For non-orthogonal systems (monoclinic and triclinic). The repeating translation vectors in this lattice are called a*.Diffraction Basics (prepared by James R. for EPS400-001. Ewald proposed that instead of plotting the dhkl vectors. Figure 3. For orthogonal systems the angular relations are quite simple. or 180 minus the real-space angle. 3.4 shows this construction. The units are in reciprocal angstroms and the space is therefore a reciprocal space. Connolly) (Revision date: 18-Feb-09) Page 10 of 18 .3 on the following page) will be extremely dense near the center and not ultimately very useful. that the reciprocal of these vectors should be plotted. they are more complex. Connolly. The orientation problem is related to the fact that the diffracting Bragg planes are inherently three dimensional.3 can now be reconstructed plotting the reciprocal vectors instead of the dhkl vectors. * and * where the reciprocal of an angle is defined as its complement. all original material is ©2009 by James R. The interaxial (or reciprocal) angles are *. it is evident that the sheaf of vectors representing all the lattice planes (see Fig. Introduction to X-Ray Powder Diffraction. The reciprocal vector is defined as: d* hkl 1 d hkl Figure 3.2. We can remove a dimension from the problem by representing each plane as a vector – dhkl is defined as the perpendicular distance from the origin of a unit cell to the first plane in the family hkl as illustrated in Figure 3. (Material in this document is borrowed from many sources. Try doing this for the (246) planes and the complications become immediately evident. Spring 2009 have no need for the reciprocal space concept. While this removes a dimensional element. Note that the points in this space repeat at perfectly periodic intervals defining a space lattice called a reciprocal lattice. b* and c*.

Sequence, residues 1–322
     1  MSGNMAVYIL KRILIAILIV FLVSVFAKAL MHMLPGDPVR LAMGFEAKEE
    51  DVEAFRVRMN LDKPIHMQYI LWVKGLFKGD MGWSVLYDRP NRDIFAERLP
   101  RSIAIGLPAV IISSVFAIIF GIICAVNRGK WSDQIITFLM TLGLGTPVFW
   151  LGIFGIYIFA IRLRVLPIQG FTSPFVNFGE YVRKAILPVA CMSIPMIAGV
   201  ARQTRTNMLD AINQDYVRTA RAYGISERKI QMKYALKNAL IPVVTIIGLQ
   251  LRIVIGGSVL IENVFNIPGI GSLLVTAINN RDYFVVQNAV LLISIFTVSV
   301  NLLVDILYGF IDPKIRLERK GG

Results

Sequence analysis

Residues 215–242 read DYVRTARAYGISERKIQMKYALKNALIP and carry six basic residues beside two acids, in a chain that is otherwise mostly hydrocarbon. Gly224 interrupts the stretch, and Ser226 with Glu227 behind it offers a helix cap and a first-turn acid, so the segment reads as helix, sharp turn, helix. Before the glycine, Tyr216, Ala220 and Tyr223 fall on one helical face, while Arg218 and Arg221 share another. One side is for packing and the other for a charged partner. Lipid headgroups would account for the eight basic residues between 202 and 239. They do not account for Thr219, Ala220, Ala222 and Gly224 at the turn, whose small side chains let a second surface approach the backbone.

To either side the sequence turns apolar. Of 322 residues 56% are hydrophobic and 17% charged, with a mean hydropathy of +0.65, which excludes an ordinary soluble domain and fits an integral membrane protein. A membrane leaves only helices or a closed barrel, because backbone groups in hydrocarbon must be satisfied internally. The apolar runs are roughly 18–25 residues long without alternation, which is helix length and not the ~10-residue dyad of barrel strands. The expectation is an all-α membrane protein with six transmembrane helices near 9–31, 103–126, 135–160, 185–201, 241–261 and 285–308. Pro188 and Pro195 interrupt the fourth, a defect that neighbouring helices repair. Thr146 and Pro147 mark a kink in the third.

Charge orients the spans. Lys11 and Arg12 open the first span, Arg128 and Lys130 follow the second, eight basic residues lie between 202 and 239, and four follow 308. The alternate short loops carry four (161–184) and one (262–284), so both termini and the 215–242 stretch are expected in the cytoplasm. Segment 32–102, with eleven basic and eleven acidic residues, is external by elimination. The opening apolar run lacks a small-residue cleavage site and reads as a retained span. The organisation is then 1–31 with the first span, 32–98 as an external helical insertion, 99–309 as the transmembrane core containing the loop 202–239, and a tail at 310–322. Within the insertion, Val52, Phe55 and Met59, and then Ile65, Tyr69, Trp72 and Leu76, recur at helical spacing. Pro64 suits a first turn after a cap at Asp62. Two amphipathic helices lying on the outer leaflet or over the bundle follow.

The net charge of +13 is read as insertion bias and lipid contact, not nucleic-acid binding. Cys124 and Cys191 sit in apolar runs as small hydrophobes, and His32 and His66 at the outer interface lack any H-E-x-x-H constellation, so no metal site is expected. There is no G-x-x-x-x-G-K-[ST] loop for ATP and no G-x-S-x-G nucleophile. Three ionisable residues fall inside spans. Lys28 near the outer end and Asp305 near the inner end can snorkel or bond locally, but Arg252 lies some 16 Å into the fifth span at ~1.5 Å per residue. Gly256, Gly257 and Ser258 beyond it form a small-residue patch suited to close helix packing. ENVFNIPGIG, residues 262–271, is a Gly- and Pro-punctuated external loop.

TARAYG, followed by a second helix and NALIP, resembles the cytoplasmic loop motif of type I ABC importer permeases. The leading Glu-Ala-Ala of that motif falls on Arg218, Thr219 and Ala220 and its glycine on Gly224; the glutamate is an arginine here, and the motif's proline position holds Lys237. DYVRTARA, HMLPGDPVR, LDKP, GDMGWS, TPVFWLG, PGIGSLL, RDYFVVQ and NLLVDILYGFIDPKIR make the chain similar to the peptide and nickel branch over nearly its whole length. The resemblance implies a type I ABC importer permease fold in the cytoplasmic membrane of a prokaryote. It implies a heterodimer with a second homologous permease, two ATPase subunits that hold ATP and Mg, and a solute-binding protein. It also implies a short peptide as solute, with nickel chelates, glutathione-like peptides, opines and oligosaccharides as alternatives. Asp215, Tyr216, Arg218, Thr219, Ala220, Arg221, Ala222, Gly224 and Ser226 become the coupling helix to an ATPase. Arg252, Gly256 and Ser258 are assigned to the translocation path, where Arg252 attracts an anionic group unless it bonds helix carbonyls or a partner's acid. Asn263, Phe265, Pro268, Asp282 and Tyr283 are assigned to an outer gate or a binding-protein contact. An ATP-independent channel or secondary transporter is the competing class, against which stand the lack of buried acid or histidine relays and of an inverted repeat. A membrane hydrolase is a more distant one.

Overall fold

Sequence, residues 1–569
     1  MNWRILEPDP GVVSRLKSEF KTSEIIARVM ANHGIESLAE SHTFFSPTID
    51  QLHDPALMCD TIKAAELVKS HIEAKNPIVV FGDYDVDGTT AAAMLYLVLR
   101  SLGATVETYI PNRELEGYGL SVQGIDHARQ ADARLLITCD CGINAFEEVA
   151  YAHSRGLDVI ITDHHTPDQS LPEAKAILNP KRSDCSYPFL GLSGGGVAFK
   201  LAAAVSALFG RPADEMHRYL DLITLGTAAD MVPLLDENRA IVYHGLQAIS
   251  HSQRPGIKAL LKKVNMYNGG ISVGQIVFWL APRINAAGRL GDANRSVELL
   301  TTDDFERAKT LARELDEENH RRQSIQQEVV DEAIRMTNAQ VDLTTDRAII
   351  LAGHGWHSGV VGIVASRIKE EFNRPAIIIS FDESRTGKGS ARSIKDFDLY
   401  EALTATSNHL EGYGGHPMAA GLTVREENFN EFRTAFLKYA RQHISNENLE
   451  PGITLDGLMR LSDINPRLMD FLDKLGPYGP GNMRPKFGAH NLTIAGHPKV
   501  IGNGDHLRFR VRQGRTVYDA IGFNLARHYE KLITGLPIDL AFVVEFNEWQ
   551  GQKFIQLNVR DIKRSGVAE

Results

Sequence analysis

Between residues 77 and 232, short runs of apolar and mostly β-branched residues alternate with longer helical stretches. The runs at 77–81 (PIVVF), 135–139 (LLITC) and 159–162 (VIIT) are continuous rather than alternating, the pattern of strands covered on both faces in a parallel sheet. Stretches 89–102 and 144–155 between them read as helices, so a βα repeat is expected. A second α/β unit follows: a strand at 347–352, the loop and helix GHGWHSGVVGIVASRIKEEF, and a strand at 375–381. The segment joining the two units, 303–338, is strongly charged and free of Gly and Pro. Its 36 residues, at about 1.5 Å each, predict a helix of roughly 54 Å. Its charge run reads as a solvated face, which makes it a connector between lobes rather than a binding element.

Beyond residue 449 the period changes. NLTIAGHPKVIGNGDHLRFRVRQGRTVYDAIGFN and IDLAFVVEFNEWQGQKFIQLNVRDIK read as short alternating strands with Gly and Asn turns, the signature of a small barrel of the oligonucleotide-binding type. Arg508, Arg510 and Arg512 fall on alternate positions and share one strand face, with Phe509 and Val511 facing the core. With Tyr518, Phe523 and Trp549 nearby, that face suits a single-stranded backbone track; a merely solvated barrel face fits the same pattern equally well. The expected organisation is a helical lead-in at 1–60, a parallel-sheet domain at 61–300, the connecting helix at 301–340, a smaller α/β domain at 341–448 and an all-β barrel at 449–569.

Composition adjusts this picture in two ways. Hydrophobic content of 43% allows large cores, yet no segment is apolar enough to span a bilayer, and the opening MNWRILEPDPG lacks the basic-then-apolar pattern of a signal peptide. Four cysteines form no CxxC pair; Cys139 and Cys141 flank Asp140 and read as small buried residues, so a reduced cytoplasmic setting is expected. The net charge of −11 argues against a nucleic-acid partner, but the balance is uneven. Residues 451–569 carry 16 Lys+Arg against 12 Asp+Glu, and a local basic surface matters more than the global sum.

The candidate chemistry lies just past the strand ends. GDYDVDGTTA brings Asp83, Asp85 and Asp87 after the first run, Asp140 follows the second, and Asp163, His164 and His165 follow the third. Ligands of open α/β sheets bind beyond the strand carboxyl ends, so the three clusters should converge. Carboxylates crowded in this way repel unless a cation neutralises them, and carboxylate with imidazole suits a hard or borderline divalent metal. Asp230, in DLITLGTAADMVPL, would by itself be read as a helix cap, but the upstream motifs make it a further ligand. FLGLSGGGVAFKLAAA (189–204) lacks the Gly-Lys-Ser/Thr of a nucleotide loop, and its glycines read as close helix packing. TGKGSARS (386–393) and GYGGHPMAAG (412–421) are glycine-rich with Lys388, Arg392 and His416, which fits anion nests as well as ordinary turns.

b*. Connolly) (Revision date: 18-Feb-09) Page 11 of 18 . and c* directions.Diffraction Basics (prepared by James R. Thus the (Material in this document is borrowed from many sources. When connected.4 shows only the hk0 plane. count the number of repeat units in the a*. Fig. for EPS400-001. Spring 2009 The reciprocal lattice makes the visualization of Bragg planes very easy. Connolly. Introduction to X-Ray Powder Diffraction. the innermost points in the lattice will define a three-dimensional shape that is directly related to the shape of the of the real-space unit cell. all original material is ©2009 by James R. To establish the index of any point in the reciprocal lattice.4 shows only the (hk0) plane of the reciprocal lattice. Figure 3. but the lattice is fully three dimensional. 3.
the vector character of the reciprocals complicates the angular calculations. The reciprocal lattice associated with the crystal’s lattice is viewed as tangent to the sphere at the point where an x-ray beam entering from the left and passing through the crystal would exit the sphere on the right. d001 meets the (100) plane at 90 .Diffraction Basics (prepared by James R. all original material is ©2009 by James R. Spring 2009 symmetry of the real space lattice propagates into the reciprocal lattice. but are related by the sin of the angle between them. 53) and listed below: V* 1 V a * b * c * (1 cos2 * cos2 * cos2 * 2 cos * cos * cos *)1 / 2 The Ewald Sphere of Reflection Figure 3. Introduction to X-Ray Powder Diffraction. Any vector in the lattice represents a set of Bragg planes and can be resolved into its components: * d hkl ha * kb * lc * In orthogonal crystal systems. The parameter V shown for the Triclinic system is a complicated trigonometric calculation required for the this system because of the absence of 90 angles. Connolly) (Revision date: 18-Feb-09) Page 12 of 18 . for EPS400-001. It is derived by Jenkins and Snyder (1994. hexagonal). In non-orthogonal systems (triclinic. monoclinic. (Material in this document is borrowed from many sources. p. the a unit cell direction and the d100 are not equal in magnitude or direction. The Ewald sphere contains all that is needed to visualize diffraction geometrically.6 (following page) shows a cross section through an imaginary sphere with a radius of 1/ with a crystal at its center. This means that the reciprocal lattice parameters d*100 and a* will also involve the sin of the interaxial angle.1 (at right) lists the direct and reciprocal space relationships in the different crystal systems. Table 3. Connolly. Because the angle between the a and c directions is not 90 . The figure at left shows the relations for the ac plane of a monoclinic unit cell. the relationship between d and d* is a simple reciprocal.